God works in our lives in unexpected ways at pivotal moments in our lives.  Pivotal moments are changes in our reality, a new reality.  It may be a confession of faith or baptism.  It may be divorce, a new relationship, a new baby, children going to school, a new job, an ailing parent, or illness.  All mark a new beginning.  All are ways in which God can be expected to work in our lives in a new way.  That is the unexpected.  We often think God will continue to work in the same way God has always worked even as our life changes.  The constant is that God is always there and always working.  What changes is the way God works in our lives.

Our lives are not the same as they were.  We have grown or evolved in some manner.  So, we can expect God to work in, with and through us in a new way.  When Jesus was baptized, God began Christ’s work and commissioned Him to ministry.  This required God to be working through Christ as a servant.  Their relationship changed.  Christ was God, remains God, but becomes servant.  Jesus was God and became a servant of God submitting to baptism.  This shift in Jesus’ life was a time of affirmation by God.  So too is change in our lives a time for God to affirm us.

New realities require us to grow personally and spiritually.  At these times, God affirms that we are children of God, we are loved by God, and we please God.  That is the epiphany.  This epiphany is a call for us to shift our expectations of God.  We can look for God in new unexpected ways and be spurred on to further spiritual growth as we begin to look to God’s working in our lives in a new and different way.

In the past, I have often been disappointed by Christmas.  I have expected God to reveal Christ to me in a BIG way.  Somehow I wanted to experience God in a new way and see Christ in the world in a new way.  This Christmas was no different.  I started out wanting some big profound new revelation of Christ at the celebration of His birth.  I knew I had been disappointed in the past; so, this year, I decided to let go of my expectation and wait on God.  Recently, I was surprised.  Having let go of my expectations, I finally had a new revelation.  But, the revelation was not of Christ.  The revelation was about myself.  God revealed to me how much I have grown in the past year, personally, spiritually, and professionally.  I was filled with joy that I could see how God was working in my life and how I was responding to God’s leading.  The new revelation was of God, but about me.  I felt affirmed that God was pleased with me.

In this season of Epiphany, my prayer for you is that you will expect an epiphany, a new revelation of God affirming how you have pleased God.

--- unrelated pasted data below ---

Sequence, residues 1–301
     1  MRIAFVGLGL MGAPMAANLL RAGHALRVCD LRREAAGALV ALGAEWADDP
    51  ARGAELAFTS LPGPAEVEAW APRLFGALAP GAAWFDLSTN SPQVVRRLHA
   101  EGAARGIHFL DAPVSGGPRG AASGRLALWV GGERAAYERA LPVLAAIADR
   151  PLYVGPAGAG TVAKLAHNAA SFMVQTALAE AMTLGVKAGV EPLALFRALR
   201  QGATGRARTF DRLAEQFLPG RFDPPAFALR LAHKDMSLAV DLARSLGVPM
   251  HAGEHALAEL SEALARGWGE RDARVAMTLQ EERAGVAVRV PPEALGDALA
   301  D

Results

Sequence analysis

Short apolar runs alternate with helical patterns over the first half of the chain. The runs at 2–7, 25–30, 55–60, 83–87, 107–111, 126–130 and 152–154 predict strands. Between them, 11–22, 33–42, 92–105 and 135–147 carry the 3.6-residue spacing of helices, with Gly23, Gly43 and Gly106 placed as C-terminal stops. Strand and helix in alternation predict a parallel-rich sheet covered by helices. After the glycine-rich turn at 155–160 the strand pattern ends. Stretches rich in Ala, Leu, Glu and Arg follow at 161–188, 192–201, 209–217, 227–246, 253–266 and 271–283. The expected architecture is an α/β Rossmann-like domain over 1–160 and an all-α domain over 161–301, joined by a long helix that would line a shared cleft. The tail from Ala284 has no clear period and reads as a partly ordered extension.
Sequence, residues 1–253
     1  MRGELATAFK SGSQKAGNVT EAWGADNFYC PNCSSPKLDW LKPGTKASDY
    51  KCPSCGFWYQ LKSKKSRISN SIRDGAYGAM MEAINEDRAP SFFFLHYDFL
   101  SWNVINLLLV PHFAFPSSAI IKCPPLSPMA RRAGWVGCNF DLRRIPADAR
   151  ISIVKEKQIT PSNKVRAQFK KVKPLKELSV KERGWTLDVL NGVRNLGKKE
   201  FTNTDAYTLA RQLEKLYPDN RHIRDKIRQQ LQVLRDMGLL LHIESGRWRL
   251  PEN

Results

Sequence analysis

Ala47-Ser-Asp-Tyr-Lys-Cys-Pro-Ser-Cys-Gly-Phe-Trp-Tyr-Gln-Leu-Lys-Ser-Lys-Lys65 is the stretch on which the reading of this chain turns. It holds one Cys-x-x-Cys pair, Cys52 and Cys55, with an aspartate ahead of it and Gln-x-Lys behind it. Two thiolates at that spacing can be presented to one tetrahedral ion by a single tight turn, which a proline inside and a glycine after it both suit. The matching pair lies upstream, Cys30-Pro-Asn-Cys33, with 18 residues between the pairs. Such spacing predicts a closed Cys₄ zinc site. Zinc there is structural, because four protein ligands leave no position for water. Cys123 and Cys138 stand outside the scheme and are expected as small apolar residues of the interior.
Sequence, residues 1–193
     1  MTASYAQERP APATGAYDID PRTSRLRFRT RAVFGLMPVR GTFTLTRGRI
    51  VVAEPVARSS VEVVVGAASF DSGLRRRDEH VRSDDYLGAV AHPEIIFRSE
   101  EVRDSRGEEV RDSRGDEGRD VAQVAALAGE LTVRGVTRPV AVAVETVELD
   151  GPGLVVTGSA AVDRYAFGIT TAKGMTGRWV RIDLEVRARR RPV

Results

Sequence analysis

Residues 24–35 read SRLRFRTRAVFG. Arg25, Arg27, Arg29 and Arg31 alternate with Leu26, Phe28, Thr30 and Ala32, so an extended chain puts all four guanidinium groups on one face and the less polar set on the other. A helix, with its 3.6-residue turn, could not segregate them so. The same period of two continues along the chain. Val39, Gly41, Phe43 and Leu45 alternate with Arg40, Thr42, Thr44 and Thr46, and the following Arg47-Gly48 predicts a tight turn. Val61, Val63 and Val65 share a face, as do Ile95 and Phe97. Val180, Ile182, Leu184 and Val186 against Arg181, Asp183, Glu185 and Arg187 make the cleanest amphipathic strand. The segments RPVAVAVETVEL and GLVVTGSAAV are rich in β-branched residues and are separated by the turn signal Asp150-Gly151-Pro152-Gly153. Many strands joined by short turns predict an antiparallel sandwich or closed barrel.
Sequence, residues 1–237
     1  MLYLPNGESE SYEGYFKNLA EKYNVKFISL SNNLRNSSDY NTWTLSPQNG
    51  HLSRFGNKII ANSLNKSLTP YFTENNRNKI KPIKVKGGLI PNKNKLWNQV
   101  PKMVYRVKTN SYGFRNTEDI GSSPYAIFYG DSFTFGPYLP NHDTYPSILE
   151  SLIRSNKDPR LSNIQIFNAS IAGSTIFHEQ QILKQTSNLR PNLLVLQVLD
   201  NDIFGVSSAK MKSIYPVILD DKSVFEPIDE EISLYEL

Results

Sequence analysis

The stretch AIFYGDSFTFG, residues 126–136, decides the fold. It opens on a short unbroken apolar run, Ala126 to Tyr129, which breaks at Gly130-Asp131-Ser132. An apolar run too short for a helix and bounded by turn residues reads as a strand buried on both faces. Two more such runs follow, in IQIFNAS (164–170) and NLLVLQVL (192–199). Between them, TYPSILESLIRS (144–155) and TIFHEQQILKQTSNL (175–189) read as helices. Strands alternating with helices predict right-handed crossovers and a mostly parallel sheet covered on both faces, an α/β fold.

Let’s claim God’s affirmation one more time.  May it be your prayer through the season of Epiphany as you await an epiphany.

I am a child of God.

I am loved by God.

God is pleased with me.


6 thoughts on “Prayers and Expectations – January 13, 2013 – Luke 3: 15 – 22

  1. Pingback: Memorials | Quality of Life MinistriesQuality of Life Ministries

  2. You as a Catholic look at Jesus as being the God of gods, though the Bible clearly indicates he is the son of God. as you say Jesus baptism was with the Holy Spirit (the Power of God) where after God let the people know that this Nazarene man was and is His beloved son.

  3. Sorry, naturally you are not a Roman Catholic, being a woman clergy? Sorry for the fast reaction, not having taken enough notice of your photograph and your “about me” where I did like the remark: “Master of Divinity” (seriously, how do you master the Divine?)

    • My graduate/seminary degree is called a Master of Divinity degree. Many of my friends and I joke about the title of the degree, because, obviously, how do you master the Divine?

      No, I am not Catholic; however, my father’s family is. They have influenced my spirituality.

      I’m not sure how you perceived that I believe Jesus is the God of gods. Jesus is at once the Son of God and is God. That is part of the mystery of the Trinity.

  4. But that Mystery seems not to be a Biblical teaching, is it not? Where in the Bible do you find the word ‘Trinity’? Also there are enough places where is indicated that Jesus is the only begotten son of God, at first lower than angels (while God is the most High of all) later made higher than them, to come and sit at the right hand of his Father. Not taking in the seat of the Father, but being with Him to be the mediator between God and man.
    “for god [is] one, and [there is] one mediator of god and of men, [the] man christ jesus,” (1 Timothy 2:5 MKJV)

  5. Pingback: Biblical Servanthood | Faith